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Why We Hate Our Parents

Western parents feel it is their job to make their children into who they should be rather than relate to who they already are.

By Mark Epstein, M.D.

Refreshingly at ease with himself, Tsoknyi Rinpoche was friendly and personable. He brushed aside my efforts at formality and indicated that he was ready to talk right away. We spoke without his interpreter present, so our conversation was restricted to the essentials.

"All that attention comes with a lot of expectations," I began. "Western parents don't feel that their children already are who they are—they feel that it is their job to make them who they should be. Children feel this as a burden."

"A pressure," the lama replied.

"A pressure. And they develop an armor to guard against it. The anger is part of that armor." I thought of a patient of mine as we talked, a young woman who always felt that her parents, in her words, "had a quota on me." She had the feeling that they just couldn't take her, that she was too much for them, too imposing, perhaps even dangerous, and at the same time a disappointment, not enough of the right stuff. This woman withdrew from her mother and father, but she withdrew from other people in a more generalized way and suffered from lack of confidence and isolation as a result. I closed one fist and covered it with my other hand, holding both up to the lama. The closed fist was like the armored child, and the hand covering it, the parental expectations. "All the energy is going into the resistance," I explained. "But inside, the child feels empty. Not like in Buddhism, where emptiness connotes something akin to freedom."

"Hollow," said the lama. He understood.

"In the psychotherapy world, we call that armor 'false self.' A child creates a false self to deal with excessive expectations or with early abandonment—too much parental pressure or too little. The problem with this scenario is that children often lose touch with who they are on the inside. After a while, they only know the armor: the anger, fear, or emptiness. They have a yearning to be known, or found, or discovered, but no means to make it happen. It brings people to places like this." I gestured to indicate the retreat facility.

"Maybe it's not such a bad thing, then!" he smiled.

I knew that, in a certain way, he was right. The spiritual renaissance of our time is in many ways fueled by the disappointments of privilege. Ambitious, overprotective parents produce capable children with a yearning for something other than more accomplishments. The desire to know oneself more deeply is often rooted in the feeling of never having been known. In our culture, this often happens because of estrangement between parents and children, as I explained to the lama, but it can also occur as a result of parent-child enmeshment. If children define themselves exclusively through their relationships with parents, relatives, and culture, they can fail to know themselves.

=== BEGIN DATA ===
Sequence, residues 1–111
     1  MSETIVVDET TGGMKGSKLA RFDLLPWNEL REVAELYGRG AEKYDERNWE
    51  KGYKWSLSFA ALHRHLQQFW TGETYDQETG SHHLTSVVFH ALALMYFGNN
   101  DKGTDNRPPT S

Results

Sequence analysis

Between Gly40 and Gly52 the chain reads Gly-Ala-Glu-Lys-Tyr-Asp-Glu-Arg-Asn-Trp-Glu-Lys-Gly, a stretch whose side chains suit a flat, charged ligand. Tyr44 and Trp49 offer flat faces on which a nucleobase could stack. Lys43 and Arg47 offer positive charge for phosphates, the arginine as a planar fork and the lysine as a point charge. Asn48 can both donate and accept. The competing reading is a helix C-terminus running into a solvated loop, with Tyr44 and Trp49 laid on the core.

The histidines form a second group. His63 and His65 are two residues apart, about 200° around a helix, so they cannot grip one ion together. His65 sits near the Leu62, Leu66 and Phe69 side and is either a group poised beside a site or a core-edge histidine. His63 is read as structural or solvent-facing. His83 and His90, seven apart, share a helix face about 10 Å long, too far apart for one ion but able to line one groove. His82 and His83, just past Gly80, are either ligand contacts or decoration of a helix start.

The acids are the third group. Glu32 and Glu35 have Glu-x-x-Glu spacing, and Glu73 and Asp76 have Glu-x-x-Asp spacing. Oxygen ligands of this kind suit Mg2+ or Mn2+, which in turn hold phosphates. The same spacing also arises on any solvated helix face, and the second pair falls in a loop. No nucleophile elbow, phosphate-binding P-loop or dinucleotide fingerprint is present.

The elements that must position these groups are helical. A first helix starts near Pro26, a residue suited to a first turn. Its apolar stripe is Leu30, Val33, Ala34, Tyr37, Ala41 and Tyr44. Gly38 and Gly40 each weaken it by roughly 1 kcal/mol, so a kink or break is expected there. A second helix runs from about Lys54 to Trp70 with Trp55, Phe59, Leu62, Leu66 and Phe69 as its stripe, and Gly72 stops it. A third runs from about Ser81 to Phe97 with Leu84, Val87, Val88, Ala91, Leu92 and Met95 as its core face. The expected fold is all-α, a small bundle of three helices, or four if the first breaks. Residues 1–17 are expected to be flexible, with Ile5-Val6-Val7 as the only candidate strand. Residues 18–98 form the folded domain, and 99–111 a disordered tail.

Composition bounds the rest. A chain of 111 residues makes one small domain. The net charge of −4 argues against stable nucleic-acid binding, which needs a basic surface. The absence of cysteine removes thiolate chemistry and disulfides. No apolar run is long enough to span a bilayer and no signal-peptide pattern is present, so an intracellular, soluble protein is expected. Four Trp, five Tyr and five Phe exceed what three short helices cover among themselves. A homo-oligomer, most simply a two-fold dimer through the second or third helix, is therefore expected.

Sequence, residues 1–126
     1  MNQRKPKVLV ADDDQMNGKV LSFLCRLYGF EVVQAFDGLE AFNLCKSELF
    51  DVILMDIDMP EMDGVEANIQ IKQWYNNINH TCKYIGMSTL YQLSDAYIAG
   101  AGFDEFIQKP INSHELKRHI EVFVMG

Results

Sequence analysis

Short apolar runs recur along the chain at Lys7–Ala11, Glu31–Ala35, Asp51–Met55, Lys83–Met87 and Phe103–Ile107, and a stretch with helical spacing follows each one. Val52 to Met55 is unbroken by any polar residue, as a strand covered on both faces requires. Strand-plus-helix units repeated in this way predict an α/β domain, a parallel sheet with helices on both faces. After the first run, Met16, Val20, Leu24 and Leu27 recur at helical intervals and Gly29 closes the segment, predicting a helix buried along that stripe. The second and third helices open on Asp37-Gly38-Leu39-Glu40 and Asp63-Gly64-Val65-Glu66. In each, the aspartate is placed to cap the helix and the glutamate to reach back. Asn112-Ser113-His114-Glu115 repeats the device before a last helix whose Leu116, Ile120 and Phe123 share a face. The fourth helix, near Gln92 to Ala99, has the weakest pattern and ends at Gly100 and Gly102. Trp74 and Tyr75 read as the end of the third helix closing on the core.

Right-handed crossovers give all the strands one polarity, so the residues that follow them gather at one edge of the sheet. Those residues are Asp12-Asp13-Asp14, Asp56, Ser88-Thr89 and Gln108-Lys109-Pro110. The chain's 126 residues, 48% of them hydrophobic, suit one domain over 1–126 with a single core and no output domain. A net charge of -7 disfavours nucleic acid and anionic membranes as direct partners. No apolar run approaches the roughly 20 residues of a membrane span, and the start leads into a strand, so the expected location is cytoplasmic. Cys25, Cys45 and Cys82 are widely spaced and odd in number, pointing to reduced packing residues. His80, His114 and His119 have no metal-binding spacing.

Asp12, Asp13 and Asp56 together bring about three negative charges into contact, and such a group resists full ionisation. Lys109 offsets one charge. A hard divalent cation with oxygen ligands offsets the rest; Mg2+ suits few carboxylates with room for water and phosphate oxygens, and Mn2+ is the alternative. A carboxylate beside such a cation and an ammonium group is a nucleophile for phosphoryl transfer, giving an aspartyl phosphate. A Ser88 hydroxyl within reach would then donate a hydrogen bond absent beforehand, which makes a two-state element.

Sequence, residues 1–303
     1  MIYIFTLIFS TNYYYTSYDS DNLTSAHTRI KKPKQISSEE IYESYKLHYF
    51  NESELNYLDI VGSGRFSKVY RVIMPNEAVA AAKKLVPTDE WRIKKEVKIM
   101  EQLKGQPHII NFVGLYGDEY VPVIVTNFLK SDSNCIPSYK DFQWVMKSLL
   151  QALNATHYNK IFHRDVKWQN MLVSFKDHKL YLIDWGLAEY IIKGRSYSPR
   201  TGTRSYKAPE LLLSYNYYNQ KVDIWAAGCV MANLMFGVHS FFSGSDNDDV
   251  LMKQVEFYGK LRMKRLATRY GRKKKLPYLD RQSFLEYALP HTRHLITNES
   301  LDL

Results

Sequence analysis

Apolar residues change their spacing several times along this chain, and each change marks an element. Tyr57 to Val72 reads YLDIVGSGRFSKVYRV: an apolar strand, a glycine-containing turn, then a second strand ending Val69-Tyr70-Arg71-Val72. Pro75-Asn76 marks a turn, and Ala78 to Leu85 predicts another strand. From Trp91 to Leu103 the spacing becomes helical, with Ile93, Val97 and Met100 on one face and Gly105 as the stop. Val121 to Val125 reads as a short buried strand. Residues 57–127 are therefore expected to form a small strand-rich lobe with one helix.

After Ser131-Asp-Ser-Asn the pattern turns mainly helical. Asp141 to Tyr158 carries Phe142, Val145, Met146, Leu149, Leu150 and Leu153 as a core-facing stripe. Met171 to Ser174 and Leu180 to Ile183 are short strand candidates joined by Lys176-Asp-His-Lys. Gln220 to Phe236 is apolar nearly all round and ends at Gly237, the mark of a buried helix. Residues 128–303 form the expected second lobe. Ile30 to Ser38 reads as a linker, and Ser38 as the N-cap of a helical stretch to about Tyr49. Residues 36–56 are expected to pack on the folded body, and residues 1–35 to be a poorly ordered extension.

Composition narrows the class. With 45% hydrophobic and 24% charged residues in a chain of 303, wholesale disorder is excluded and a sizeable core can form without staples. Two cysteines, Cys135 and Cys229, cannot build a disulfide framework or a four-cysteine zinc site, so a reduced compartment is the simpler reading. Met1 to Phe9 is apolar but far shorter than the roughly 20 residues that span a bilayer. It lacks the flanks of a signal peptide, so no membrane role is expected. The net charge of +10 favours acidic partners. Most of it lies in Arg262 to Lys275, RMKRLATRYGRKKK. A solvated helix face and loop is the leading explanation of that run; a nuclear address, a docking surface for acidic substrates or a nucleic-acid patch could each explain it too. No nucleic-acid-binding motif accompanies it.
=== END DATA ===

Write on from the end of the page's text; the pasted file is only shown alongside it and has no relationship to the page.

Tsoknyi Rinpoche sensed the rebellious inspiration for some of his students' practice. "Parents see raising children as their duty or job," he told me. "But then when the child is grown, they just let go. They've done their job, fulfilled their obligations. The child feels cut off."

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I find my self here among other "Why Kids Hate Their Parents" pages I googled. I found my daughter loving, always did the right thing, no real trouble the 17 years she at home. But when she went to college she developed anger at her Mum and I. Her Mum did decide to leave the marriage that summer, no real reason. She cam from a very broken home, dad in jail, Mum choose to leave her with Grand Parents and run around partying so the shrink said that she feels comfortable in a broken situation, our marriage was to stable for her. At breakfast I mentioned we should go to a marriage counselor now that it will be just us and she moved out the next weekend. So I could understand some anger due to that but at 28 now she just a had child and still punishes me through withholding. I can count on just about 1 hand how many times she has come to see me. Has not offered to allow me to see my grand daughter. She has been the well of so much joy and hurt. I just do not understand. Good upper middle class home, I went to just about anything she ever did, I encouraged her to do many activities. We were in YMCA Indian princess program from 5 yo to 12 yo camping 4 times a year, father & daughter activities twice a month, Baseball, Football and Hockey games here in S Fla often. Car races together, classic car events together. I thought I did it all right and here I am without a daughter at 62. I just do not understand.

Mimi - the reason kids put their parents in a rest home and forget about them is because their parents abused them as children. The way I see it, this is perfectly fair and just. When the children were young and helpless, the parents beat, belittled, and abused the child every chance they got. They didn't think about the day that they would be old and helpless and need their children to take care of them. Now when the parents are helpless, the children want nothing to do with them. It's our only chance at revenge - find the cheapest, lousiest nursing home available, put the bad parents in there, and leave them to rot. Perfectly fair.


i have a 4 year old son with a very strong personality. he is a true leader...extremely charming and knows how to get what he wants. unfotunately, he is also very grumpy. the more i try to show him how to focus on the positive, the more he fights it. this article has inspired me to truly embrace him for who he is, and i suspect he will ease up on the negativity.

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